Benefits.....Opinion, Hearsay & News Review
A survey of 387 Gen Y
respondents (ages 18-32) shows they are becoming more self-reliant on benefits
issues. The number using insurance company web sites to learn more about
benefits increased from 32% to 44% from 2008 to 2010. The number of Gen Y
respondents who rely on parents for benefits information fell from 60% to 42%.
The number familiar with life insurance increased from 31% to 44% and the number
with familiarity with disability insurance went from 16% to 24%. Gen Y age
people comprise a population of 75 million (nearly the size of the baby boomers
Perhaps he hasn’t heard
about Massachusetts, but Vermont Governor Peter Shumlin thinks he has a better
idea. He has unveiled a bill that would abolish most forms of private insurance
and move state residents into a publicly funded pool. However, details such as
how to pay for such a system have been left out. He follows the lead of
ex-Governor Howard Dean who tried to do the same thing in 1994, but failed. When
it comes to funding, we can also count on this plan failing, since Dean endorsed
it and said it would save a “ton of money.” The trouble is, they can never
use real world economics to explain how that will happen.
A survey of 1,538 employees of
companies that have at least 2,000 employees shows that more employees are going
to the health plan (up to 76% from 67%) and the employer (up from 54% to 75%)
for information about their plans than in 2007. Surprisingly, only 3% more were
using the internet to access the information.
Physicians for a National
Health Program is endorsing the “Expanded and Improved Medicare for All Act”
sponsored by Rep. John Conyers Jr. D-Michigan. Co-sponsors include Democrats
from around the country, but largely centered in the states with current failing
budgets. Why are we not surprised? We note that Medicare funding is going so
well now (sic), that surely the system should be expanded.
We do note that in the 12
years since 1999 that family medical insurance premiums have risen by 137.8% and
single premiums have gone up 130%. However, we also note that no proposals
floated so far “solve the problem” of reducing rising medical care costs,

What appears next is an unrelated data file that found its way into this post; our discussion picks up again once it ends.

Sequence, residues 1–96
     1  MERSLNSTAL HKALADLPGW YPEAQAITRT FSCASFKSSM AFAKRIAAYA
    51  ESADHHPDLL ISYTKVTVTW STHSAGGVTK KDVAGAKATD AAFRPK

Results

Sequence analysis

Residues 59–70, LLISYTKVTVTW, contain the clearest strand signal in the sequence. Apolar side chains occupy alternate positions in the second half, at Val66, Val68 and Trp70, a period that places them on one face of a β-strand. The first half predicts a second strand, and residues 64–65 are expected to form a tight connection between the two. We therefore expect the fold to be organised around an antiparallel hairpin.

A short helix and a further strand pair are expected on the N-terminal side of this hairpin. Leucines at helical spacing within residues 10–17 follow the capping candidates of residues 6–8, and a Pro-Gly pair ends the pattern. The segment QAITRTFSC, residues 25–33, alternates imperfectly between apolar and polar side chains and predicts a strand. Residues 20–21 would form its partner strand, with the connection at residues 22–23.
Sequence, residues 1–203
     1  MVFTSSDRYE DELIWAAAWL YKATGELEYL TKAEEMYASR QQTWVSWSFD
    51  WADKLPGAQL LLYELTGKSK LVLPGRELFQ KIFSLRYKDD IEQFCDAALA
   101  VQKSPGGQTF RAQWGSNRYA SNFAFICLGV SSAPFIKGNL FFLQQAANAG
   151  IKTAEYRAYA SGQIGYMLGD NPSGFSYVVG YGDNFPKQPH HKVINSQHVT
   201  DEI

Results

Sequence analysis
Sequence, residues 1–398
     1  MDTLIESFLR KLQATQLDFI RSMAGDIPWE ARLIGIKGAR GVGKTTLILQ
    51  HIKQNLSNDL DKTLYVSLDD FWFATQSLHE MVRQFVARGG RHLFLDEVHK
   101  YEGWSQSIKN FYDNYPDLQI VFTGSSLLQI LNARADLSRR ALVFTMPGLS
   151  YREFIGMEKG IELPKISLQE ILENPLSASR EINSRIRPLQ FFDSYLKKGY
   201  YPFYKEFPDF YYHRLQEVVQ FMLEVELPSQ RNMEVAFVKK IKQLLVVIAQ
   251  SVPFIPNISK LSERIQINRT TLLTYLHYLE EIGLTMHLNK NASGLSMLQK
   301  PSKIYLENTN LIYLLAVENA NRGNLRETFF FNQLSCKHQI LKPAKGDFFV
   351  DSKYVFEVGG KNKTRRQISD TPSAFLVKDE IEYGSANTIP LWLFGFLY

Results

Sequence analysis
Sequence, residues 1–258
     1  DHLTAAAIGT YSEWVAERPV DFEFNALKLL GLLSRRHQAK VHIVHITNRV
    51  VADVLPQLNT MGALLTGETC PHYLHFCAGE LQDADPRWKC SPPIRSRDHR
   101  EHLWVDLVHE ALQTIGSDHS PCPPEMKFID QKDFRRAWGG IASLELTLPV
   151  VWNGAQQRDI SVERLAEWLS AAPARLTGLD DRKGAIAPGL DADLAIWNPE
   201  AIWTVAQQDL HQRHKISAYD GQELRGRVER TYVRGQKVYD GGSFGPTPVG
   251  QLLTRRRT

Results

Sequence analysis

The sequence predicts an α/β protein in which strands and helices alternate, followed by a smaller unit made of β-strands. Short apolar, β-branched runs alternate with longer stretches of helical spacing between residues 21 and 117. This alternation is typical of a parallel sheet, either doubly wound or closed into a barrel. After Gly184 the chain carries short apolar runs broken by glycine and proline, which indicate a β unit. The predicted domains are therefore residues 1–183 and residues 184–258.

but instead focus almost exclusively on the resulting insurance costs. Again,
the real world is lost in the discussion.
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The average per capita cost of
health care services covered by commercial and Medicare programs rose 6.06% over
the 12 months ending December 2010 according to Standard & Poor’s
Healthcare Economic Composite Index. Medicare costs increased at a rate of 3.27%
while commercial costs rose 7.75% (can we say cost shifting?).The increases show
a deceleration from May to December. Hospital costs rose 8.58% for commercial
plans while they went up by 1.78% for Medicare. Further illustration of the cost
shifting was the indices for medical professional services rising by 6.83% for
commercial, but 5.16% for Medicare.
CDHP’s enrollment rose by 5%
of the privately insured population in 2010. HDHP enrollment rose to 14% (17.2
million people) of the privately insured population in 2010. On the other hand,
dental enrollment declined by 5.7% in 2009, which represents about 10 million
fewer than the year before.
Blue Cross Blue Shield of
Illinois agreed to pay $25 million to settle state and federal claims that the
company denied coverage to sick children. BCBSIL did not admit any wrongdoing as
part of the settlement which pays $15.5 million to the state of Illinois and
$9.5 million to the federal government.
are sure you will be happy to know that your tax dollars are being spent to help
out those employers who have early retirees with claims between $15,000 and
$90,000. The approved applications for claims
represent nearly every sector of the economy: 32 percent of applications came
from businesses, 26 percent from State and local governments, 22 percent from
union sponsors, 14 percent from schools and other educational institutions, and
5 percent from non-profits. $535 million has been paid out of the pool,
which means that $4.465 billion remains to be paid.
We cannot ever remember a demand for this money, but apparently those who
did not manage their early retiree expenses get to be paid with our tax dollars
for their mistakes due to the generosity of the feds who are borrowing the money
from the Chinese. Welcome to the U.S.A.! As pointed out by the person who was
kind enough to avail us of this information. “It’s not about healthcare,
it’s about who pays for it.” It’s certainly not about reducing the overall
cost of medical care.